With Old Man Winter’s reverse hibernation under way and the related metal detecting hindrances (i.e., frozen ground and frigid temps) asleep with him, I was able embark on a recent historical hunt on some fields in Salem County, NJ. I love this area because it represents one of the last vestiges of rural New Jersey at its finest. Indeed, it’s one of those park-your-car-on-the-side-of-the-road type of places where you may not see a single soul the rest of the day.
My trip was more of an exploratory effort to gauge the fields’ hidden historical potential for repeat visits. While certainly not due to a lack of effort (read here: 6 hours of swinging a metal detector and related digging), it was clear that either not much historical traffic occurred here or that these fields have been scoured heavily in the past. Probably a little of both, I surmised.
Nonetheless, as the pictures below show, I was able to locate a few colonial- and post-colonial-era items of interest, such as lead musket balls, part of a pewter coat button, and horse-related buckles.
Without a doubt, however, the best find of the day was also the most historically coincidental of my metal detecting tenure. At about noon, with a loud “66” registering on my metal detector, I dug a gold wedding band. Seeing gold shining through the dirt is always a thrill, not so much in a monetary sense (for my intent in this hobby is never financial gain), but instead for marveling at how gold and silver (as opposed to most other metals) keep their luster despite being buried for so long. Swiping some dirt away, I could see that there were some hallmarks and an inscription on the inner part of the ring. After subsequent careful cleaning, I was able to confirm the hallmarks “14 B Kt.” and “MRL” (the former representing the gold weight and the latter the maker). However, the amazing feature of this wedding band is the inscription, which is laid out in a vintage, cursive font: “F.P.P. to P.E.P 3-20-15.” Quite coincidentally and even more thrilling, I found this item on 3-19-15, meaning it was brought back to light just one day shy of the 100-year-old wedding date inscribed on the ring!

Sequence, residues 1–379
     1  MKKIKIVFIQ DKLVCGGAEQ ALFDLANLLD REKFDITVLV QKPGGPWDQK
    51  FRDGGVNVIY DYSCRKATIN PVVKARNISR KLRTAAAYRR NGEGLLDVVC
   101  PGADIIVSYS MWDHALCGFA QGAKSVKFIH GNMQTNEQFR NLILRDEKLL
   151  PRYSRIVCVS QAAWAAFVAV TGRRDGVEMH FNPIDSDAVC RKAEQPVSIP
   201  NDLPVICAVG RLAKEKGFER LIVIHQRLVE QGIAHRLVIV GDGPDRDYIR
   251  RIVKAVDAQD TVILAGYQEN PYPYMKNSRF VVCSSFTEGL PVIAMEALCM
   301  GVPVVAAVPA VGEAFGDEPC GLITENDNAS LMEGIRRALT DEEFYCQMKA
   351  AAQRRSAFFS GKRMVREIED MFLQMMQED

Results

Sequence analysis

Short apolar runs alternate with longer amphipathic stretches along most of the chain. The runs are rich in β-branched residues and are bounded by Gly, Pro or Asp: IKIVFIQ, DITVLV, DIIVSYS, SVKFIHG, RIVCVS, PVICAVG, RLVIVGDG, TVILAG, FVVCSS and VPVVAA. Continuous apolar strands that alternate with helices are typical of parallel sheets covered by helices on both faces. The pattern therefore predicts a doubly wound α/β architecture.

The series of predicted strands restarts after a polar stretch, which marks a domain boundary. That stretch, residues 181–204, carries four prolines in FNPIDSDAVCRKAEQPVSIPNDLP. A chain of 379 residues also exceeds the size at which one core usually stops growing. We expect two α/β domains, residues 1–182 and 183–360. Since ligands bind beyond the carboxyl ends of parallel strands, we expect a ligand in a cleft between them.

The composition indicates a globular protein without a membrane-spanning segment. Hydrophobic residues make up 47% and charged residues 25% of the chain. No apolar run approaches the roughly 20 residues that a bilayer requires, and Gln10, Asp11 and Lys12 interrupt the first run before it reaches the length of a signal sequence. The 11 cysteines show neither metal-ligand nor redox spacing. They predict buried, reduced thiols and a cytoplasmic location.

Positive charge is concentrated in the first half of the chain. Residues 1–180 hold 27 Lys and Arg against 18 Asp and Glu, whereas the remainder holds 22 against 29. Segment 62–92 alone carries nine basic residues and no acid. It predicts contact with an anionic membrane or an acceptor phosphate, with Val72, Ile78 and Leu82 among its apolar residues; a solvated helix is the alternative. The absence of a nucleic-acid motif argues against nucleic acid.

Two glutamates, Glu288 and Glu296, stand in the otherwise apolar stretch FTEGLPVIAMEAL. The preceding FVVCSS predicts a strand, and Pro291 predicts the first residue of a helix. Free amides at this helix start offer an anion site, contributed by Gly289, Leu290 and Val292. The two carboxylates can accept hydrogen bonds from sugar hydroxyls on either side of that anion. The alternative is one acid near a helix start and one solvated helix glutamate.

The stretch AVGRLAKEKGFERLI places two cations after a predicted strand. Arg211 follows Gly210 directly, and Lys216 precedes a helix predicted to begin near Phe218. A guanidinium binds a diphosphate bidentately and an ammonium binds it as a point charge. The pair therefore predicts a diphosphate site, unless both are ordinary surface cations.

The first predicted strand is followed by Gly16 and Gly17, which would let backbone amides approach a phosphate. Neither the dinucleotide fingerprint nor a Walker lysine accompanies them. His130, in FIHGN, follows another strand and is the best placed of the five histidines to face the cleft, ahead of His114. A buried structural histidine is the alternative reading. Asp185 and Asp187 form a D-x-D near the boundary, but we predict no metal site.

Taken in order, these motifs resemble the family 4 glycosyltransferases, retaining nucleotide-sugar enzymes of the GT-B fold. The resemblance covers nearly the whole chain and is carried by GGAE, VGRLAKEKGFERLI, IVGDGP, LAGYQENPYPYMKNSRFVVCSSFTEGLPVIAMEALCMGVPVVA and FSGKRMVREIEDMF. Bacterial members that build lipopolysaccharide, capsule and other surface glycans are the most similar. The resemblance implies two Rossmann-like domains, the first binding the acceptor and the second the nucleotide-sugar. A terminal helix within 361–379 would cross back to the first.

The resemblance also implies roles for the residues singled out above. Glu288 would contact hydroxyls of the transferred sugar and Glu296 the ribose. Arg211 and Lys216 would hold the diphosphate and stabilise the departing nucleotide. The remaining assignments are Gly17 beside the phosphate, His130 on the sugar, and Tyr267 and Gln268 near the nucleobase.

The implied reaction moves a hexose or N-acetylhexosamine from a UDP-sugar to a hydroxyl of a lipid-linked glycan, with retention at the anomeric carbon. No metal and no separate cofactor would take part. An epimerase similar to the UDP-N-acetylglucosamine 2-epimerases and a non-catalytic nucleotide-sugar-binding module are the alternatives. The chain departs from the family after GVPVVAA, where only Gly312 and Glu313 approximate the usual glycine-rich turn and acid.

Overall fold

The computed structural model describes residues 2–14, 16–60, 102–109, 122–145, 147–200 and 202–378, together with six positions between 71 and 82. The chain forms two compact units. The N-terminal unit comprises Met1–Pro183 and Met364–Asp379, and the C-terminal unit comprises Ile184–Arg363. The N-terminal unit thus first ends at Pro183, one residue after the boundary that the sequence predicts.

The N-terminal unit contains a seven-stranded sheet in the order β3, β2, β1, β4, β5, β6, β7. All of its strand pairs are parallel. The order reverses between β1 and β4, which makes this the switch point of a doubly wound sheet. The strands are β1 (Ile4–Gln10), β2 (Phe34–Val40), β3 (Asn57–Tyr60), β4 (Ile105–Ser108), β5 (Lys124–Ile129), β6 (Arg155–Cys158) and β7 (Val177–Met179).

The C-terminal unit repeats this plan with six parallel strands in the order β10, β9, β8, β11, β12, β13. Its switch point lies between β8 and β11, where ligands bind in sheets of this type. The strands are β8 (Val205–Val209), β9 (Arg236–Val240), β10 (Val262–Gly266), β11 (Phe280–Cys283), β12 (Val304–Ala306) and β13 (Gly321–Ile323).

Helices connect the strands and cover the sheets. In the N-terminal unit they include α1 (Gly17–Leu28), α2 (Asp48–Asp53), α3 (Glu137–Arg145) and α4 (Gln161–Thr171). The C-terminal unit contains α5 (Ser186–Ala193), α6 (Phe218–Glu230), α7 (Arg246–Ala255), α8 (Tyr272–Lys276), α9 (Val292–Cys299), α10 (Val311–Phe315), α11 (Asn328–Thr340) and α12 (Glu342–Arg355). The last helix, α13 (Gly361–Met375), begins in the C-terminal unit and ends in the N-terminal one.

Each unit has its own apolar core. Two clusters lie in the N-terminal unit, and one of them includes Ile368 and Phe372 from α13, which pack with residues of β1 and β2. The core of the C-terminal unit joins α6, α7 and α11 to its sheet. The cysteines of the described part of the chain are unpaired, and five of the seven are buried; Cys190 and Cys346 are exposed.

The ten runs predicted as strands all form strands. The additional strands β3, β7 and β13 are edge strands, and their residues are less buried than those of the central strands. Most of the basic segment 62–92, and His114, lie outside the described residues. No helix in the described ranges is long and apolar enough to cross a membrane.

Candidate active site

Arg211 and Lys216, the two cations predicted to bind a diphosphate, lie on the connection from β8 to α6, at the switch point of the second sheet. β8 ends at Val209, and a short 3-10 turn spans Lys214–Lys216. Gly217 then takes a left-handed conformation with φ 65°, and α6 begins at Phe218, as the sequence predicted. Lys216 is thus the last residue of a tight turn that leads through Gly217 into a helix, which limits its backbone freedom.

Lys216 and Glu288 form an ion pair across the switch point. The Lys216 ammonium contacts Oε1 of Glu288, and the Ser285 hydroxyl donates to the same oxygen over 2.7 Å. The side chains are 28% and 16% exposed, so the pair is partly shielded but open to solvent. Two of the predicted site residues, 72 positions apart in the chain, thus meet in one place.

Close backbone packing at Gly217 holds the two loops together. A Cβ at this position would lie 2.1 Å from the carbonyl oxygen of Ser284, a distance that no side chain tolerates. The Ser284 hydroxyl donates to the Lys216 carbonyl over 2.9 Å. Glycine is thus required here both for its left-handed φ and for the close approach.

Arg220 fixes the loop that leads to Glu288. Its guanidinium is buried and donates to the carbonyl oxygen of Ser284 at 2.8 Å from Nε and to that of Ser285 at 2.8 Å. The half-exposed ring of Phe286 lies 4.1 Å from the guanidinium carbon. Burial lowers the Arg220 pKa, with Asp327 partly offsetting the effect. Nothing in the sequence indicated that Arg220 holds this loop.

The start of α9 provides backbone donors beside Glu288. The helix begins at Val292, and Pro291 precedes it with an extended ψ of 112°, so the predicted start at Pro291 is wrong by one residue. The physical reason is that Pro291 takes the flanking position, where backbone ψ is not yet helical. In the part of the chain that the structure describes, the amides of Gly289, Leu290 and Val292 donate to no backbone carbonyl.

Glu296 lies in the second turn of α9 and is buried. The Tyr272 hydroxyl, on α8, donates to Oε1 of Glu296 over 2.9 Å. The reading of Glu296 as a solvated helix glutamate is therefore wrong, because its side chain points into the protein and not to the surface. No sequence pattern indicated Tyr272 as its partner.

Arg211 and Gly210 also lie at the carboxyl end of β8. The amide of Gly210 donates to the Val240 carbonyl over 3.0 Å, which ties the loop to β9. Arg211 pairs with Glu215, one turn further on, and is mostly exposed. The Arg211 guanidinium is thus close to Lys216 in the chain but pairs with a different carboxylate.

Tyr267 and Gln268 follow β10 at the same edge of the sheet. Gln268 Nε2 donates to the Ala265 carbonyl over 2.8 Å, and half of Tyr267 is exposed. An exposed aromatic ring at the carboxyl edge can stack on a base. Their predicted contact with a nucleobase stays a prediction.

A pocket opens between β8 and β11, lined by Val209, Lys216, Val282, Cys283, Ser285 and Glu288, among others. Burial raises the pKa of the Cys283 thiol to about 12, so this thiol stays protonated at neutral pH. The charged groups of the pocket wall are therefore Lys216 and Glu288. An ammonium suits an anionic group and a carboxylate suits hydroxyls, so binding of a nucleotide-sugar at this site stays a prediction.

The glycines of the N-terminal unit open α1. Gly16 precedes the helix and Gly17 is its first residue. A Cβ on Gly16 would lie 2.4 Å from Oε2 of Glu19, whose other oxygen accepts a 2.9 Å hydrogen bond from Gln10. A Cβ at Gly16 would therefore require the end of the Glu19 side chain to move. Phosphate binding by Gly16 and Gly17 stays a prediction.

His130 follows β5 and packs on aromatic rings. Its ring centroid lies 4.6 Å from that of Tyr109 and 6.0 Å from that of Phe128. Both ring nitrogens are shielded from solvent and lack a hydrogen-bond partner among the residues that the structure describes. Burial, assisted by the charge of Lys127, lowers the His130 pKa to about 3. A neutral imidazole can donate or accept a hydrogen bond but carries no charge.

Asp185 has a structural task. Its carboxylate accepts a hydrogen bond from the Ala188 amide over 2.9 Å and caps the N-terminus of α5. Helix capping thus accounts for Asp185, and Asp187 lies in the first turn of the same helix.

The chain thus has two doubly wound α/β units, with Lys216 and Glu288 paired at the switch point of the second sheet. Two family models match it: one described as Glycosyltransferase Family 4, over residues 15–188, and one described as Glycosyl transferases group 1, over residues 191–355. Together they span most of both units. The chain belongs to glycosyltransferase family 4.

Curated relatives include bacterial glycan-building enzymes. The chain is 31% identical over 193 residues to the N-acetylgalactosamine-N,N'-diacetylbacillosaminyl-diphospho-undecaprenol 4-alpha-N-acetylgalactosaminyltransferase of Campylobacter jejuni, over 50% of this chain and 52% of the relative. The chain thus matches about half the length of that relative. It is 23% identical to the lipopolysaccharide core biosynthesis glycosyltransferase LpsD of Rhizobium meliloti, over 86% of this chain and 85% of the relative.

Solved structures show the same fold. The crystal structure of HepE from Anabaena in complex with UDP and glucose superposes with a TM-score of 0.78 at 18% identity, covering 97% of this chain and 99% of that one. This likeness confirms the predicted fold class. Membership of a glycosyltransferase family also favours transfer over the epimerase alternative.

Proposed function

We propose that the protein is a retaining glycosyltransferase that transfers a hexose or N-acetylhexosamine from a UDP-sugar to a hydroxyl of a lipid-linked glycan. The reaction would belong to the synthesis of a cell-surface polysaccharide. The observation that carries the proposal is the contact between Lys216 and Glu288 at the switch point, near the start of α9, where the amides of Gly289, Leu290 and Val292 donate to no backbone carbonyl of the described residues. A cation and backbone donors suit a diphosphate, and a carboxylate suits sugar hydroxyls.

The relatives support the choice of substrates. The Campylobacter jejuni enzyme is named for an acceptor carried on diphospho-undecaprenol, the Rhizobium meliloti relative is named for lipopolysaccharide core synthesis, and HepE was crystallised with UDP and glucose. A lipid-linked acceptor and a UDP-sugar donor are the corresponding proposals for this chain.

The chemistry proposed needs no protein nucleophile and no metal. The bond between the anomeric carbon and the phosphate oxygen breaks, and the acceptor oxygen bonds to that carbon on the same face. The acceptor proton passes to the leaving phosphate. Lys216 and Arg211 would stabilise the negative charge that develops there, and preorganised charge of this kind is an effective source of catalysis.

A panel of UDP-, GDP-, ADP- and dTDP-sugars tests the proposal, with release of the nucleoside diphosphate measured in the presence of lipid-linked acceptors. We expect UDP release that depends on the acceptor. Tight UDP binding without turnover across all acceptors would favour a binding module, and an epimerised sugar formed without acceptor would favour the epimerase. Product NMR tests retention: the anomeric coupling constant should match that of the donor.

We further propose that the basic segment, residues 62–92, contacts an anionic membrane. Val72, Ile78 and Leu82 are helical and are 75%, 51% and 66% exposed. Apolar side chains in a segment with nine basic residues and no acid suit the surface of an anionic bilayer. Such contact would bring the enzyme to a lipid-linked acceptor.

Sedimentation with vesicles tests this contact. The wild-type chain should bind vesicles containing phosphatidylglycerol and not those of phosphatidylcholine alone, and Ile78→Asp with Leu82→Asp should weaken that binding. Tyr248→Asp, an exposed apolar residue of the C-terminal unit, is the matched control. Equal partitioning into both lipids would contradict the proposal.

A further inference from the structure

I am now engaged in an effort to acquire marriage records for the immediate area to try and determine descendants of this loving couple. I will also locate property records for the immediate area. While I don’t have specific names on which to base a search, I do have initials, a date, and a likely target area. I hope one day to locate a family member and return the ring as a way of celebrating and honoring a marriage that occurred 100 years prior. Stay tuned!